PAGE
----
Will Canadian project take tree-free paper mainstream?

My Clean Break column in today’s Toronto Star is about a consortium of companies, lead by Praire Pulp and Paper Inc. out of Winnipeg, that’s trying to perfect a process for producing high-grade photocopy and printer paper out of agricultural residue. Backed by money from Sustainable Development Technology Canada, the group believes it can produce tree-free paper from wheat straw and flax straw at high enough quality and volume that it could compete against tree-based products. If the group can pull it off, it would reduce stress on forests, give farmers a new revenue stream, and reduce the amount of crop waste that might otherwise get burned (not nice from an environmental perspective).

There are many challenges to overcome and it may be many years before the process proves viable, but SDTC remains hopeful. Meanwhile, Alfred Wong of Vancouver-based Arbokem Inc. has his own process for producing tree-free paper and is involved in many projects in Europe. After 10 years of trial and error, Wong is certain he’s got the right approach, and he’s even trademarked the name “Agripulp” in anticipation of his success. If either Wong or Prairie Pulp can get it right, this would be a “game-changer” in the pulp and paper industry, says SDTC’s Rick Whittaker.

4 thoughts on “Will Canadian project take tree-free paper mainstream?”

  1. Mr. Hamilton’s blog raises an interesting question: in the long-run, will multiple uses for natural resources like straw push demand well beyond supply? It’s not a problem now, but it could be in the future.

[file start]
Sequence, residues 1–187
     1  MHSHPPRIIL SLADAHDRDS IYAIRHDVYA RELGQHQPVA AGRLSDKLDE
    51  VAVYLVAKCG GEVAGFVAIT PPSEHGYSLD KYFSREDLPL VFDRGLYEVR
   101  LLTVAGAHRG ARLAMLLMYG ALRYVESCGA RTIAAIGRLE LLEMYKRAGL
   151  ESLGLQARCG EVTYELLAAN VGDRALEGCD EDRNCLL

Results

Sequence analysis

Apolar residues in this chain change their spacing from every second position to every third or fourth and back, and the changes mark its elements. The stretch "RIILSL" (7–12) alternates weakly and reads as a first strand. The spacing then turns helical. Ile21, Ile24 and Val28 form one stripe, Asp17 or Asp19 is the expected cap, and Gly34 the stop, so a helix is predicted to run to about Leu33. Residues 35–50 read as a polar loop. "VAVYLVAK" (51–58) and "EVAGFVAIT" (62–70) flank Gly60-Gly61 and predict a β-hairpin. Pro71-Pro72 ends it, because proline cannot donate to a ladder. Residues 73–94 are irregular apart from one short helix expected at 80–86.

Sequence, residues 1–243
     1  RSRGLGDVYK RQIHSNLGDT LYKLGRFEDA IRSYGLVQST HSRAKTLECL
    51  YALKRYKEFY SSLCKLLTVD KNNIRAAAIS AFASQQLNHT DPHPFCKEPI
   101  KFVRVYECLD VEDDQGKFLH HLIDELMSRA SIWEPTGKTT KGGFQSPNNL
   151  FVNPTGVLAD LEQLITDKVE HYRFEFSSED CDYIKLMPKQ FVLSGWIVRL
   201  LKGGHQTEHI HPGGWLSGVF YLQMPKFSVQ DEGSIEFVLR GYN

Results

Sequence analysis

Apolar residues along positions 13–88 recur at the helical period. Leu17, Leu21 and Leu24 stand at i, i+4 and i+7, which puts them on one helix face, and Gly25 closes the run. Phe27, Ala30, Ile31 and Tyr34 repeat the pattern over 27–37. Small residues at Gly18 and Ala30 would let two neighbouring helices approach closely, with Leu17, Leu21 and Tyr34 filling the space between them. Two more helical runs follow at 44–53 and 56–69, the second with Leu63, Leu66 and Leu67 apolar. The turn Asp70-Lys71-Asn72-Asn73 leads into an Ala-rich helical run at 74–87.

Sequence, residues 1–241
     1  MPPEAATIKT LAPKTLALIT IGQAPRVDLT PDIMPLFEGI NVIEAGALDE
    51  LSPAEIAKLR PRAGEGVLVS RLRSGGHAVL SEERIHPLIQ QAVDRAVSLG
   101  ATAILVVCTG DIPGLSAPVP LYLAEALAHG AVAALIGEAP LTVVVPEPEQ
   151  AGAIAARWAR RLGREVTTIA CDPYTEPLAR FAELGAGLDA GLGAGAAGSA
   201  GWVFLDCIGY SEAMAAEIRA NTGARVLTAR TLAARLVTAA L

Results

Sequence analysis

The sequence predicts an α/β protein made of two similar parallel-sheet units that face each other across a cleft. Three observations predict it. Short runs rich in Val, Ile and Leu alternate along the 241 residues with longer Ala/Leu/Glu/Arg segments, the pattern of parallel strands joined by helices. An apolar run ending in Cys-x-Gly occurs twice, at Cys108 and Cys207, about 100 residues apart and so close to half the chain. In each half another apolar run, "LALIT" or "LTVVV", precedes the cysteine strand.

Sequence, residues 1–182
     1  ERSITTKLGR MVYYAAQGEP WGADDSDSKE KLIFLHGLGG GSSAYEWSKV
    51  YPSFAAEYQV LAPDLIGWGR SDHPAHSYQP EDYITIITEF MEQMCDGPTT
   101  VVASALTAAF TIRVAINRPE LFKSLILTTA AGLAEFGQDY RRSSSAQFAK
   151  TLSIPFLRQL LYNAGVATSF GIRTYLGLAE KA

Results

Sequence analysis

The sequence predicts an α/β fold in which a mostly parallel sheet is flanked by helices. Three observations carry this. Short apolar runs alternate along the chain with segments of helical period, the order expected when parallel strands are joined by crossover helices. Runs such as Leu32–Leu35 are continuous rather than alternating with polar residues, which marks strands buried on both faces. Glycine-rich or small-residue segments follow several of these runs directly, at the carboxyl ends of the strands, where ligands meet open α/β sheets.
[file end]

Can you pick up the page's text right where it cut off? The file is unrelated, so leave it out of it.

Take the example of straw. It is used to feed livestock during the winter, which supports human food supplies. It could be used as a biofuel, as I’ve learned from a gentleman in Denmark conducting research and development for this purpose. Finally, Mr. Hamilton has now pointed out a 3rd potential use: paper and paper products.

    By solving one problem, could humans create another? It’s happened before. In Bangladesh, thousands of tubewells were dug by international organizations to provide access to bacteria-free water. 10 years later, the world realized that water in this region has extremely high levels of arsenic, a problem which persists today.

    At the least, these unintended consequences are something to consider and discuss as innovation and technology begins to solve our over-dependence on things like trees and fossil fuels.

    On that point, if anyone knows if a biofuel such as corn-derived ethanol can support both food and fuel supplies, I’d love to learn more.

  2. I would say that it’s highly unlikely in the short term due to the pine beattle infestation in British Columbia. There’s a huge amount of dead wood available to be salvaged and it will depress the price of cellulose for paper and other products until it is delt with or BC is deforested.

  3. Definitely not likely in the short term. As the article points out, it will take 5 years to prove the process viable for commercial production, so who knows what the market price for forestry products — or the status of the dreaded pine beattle — will be at that time. Fact is, between now and then and beyond there will be a drive in the market for more “eco-friendly” products, the more affordable the better. None of this is to say that paper made from agricultural residue is going to do away with wood-based paper, rather it will diversify the mix and at least ease pressure on forests — all while giving farmers an added stream of revenue and an option other than burning crop waste in the open air.

  4. In an era of high energy prices, wheat and corn prices are so low it makes sense to make use of them.

    If demand grows relative to supply, as the first comment noted, prices for agricultural goods will skyrocket and we consumers will be forced to pay more for bread (and all the other goods produced from corn and wheat).

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